Although I am a big fan of SpaceX, I am a bit more reserved than many who have followed the COTS 2/3 mission.
Rather than saying that this is THE future of spaceflight, I'd rather think of it as a whole new chapter in the spaceflight story - a REALLY fun to watch and exciting chapter that reflects back to the grand old golden era of spaceflight with those all-liquid fueled boosters launching from Cape Canaveral, going into orbit and then splashing down to be recovered.
It's something that some of us who grew up with Mercury and Gemini and Apollo have always longed to sort of see "come back" in some form. With the Shuttle now gone, this makes a great chapter to "get into" and follow and cheer for. It's also the excitement of vehicle development. Personally, I cannot wait for the next step, the next glitch, the next fix and the next success; I love it!
Does the success of SpaceX mean that we should defund NASA and hand the whole basket of eggs over to "commercial space"… of course not. In large part, it is exactly that sort of de-developmental thinking that was the death-stroke for the Space Shuttle and has put America's human spaceflight program on life support. Rather, what is desperately needed at this moment is exactly what SpaceX is poised to offer; robust, reasonable cost, frequent access to the International Space Station. Thus far, SpaceX is on the doorstep of being able to provide that for cargo -- both going to the ISS and -- quite importantly -- from the station as well.
Critics of SpaceX and "commercial" spaceflight efforts may look at the recent COTS 2/3 mission's successes and scoff that what was accomplished only got as far as about 1965 on the spaceflight ruler. My reply would be, "and what's wrong with 1965?"
Gemini flights were lifting off from the Cape about every two months, there were great strides in spaceflight technology and new hardware was being flown, rung out and adapted for use on nearly a daily basis. With SpaceX and the other "commercial" participants, we are seeing the same basic trend. It is not just important, but critical, to keep in mind that every single time we fly anything in space we peacefully advance the technology of our civilization.
Frankly, I would be delighted to see SpaceX mirror 1965.
Let us also keep in mind what is currently planned is for the "commercial" side to take over the low earth orbit part of spaceflight while freeing up NASA to take on the task of advancing us beyond low earth orbit. I've heard some who smirk and claim that the success of SpaceX is going to lead to the cancellation of NASA's Space Launch System thereby leaving everything to "commercial." We should all hope that this scenario never comes to pass. Where NASA insanely overloads everything with masses of paperwork, private companies cut corners and wink at their own procedures and rules. And if you think it doesn't happen, sit down with any FAA inspector or NTSB investigator and have a serious talk. If you are dreaming of a pure commercial space program- be careful what you wish for, we just may get it.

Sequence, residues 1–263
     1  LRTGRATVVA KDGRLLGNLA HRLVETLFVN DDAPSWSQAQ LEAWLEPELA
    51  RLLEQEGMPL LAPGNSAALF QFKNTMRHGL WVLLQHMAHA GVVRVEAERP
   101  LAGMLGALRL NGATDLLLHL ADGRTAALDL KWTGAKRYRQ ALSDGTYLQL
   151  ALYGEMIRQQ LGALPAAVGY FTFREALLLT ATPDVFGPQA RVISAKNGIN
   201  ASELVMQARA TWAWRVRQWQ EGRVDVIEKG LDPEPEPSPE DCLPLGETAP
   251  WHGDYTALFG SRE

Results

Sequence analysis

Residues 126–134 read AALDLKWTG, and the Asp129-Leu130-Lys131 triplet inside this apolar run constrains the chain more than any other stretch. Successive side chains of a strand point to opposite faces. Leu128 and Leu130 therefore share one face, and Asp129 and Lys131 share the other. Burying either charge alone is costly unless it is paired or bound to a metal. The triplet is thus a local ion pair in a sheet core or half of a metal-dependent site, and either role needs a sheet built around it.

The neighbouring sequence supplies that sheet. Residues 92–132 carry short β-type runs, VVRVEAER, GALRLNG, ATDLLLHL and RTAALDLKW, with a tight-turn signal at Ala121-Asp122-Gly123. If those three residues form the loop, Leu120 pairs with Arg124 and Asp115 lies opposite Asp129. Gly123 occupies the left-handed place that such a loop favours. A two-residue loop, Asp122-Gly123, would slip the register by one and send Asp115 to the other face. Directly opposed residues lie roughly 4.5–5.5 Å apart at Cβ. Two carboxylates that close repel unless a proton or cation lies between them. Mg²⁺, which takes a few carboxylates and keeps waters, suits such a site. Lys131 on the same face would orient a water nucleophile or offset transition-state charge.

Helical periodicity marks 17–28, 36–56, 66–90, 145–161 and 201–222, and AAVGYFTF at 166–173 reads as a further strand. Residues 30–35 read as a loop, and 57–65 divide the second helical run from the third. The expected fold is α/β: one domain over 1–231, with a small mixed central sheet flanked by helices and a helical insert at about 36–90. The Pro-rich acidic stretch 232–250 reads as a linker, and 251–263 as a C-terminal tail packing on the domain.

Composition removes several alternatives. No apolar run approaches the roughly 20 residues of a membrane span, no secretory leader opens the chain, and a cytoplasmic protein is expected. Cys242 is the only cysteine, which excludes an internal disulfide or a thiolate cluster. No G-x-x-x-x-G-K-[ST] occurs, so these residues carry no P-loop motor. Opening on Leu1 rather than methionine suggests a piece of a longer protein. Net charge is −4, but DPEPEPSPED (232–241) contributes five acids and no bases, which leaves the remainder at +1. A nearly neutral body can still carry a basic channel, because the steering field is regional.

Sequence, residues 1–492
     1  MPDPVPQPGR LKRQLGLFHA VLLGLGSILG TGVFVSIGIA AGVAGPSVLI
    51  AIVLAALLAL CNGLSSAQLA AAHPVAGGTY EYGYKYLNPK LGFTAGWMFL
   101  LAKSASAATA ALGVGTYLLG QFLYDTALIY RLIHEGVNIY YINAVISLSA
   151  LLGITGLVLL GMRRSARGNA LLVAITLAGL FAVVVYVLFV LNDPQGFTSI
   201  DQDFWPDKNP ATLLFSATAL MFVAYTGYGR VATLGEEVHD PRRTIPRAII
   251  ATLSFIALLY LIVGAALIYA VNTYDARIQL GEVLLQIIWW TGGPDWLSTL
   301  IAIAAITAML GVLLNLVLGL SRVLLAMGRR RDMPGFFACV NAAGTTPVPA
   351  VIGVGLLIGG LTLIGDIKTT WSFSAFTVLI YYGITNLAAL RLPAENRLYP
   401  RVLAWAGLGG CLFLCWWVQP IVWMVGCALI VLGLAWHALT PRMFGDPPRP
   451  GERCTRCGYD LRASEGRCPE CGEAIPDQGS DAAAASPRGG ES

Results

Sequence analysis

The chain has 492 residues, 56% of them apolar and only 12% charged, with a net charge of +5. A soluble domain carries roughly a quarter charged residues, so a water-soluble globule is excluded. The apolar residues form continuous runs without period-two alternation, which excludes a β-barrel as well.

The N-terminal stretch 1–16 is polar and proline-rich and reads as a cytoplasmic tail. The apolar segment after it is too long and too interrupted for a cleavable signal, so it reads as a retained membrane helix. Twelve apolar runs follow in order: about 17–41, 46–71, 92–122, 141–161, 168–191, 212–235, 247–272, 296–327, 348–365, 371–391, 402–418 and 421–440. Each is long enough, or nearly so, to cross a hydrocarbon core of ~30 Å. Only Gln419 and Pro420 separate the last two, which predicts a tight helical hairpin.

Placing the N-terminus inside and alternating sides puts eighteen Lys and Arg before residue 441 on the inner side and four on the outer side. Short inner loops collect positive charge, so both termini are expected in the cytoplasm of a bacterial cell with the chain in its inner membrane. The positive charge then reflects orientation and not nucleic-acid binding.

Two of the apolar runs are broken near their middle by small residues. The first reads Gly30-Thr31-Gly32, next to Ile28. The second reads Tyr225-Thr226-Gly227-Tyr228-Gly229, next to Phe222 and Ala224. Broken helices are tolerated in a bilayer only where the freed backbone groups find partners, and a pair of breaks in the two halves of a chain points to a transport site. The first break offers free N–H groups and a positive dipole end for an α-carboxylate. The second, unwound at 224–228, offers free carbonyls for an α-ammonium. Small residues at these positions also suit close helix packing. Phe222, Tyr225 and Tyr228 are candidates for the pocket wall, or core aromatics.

Another mindset that I have often encountered is the one that seems to hold that SpaceX is now on an ultra fast-track to flying crews aboard Dragon. Indeed; the crew aboard the ISS reinforced this by stating that they would be comfortable inside the spacecraft.
It was a casual comment that many folks have latched on to. The fact is, that although SpaceX has made fantastic strides in the COTS program recently, they are still a good ways from actually flying a crew. A good yardstick for this is the requirement for launch abort capability.
Although SpaceX has done some static firing of their proposed abort motor, the SuperDraco, the roadway to using it in an integrated system will require actual flight testing. If they intend to use it in an operational manned vehicle, in anything resembling the near future, they need to be flight testing that system now. Additionally, SpaceX states that they intend to use those motors as a recovery and landing device -- and that will require a great deal of testing. This is not to say that SpaceX cannot do it, it is simply a valid yardstick by which to measure the reality of operational hardware against corporate hyperbole.
The bottom line is that, yes indeed, the events of the COTS 2/3 mission have made for an historic event.
Yes, SpaceX has accomplished a magnificent series of engineering and technical feats.
Yes, they have innovated a new way of doing many tasks in spaceflight and streamlined the process.
Yes, NASA should take many pages from their book.
And yes, this was indeed a great day in spaceflight.
But, this historic event is not everything in spaceflight. SpaceX, although a terrific company, is not the do-all, be-all of spaceflight from now on. What we saw here was not the entire book -- it was simply a new and exciting chapter in the story. For those of you who choose to bathe in the SpaceX ideal, go right ahead - enjoy the moment, savor the success, cheer on the team; this is big stuff. For the rest of us, I would advise that we take in this chapter and look forward to what the amazing people at SpaceX have in store for us in the future. Yet, please do so with a healthy dose of reality - this is still spaceflight, and it is not easy, even when they make it look that way.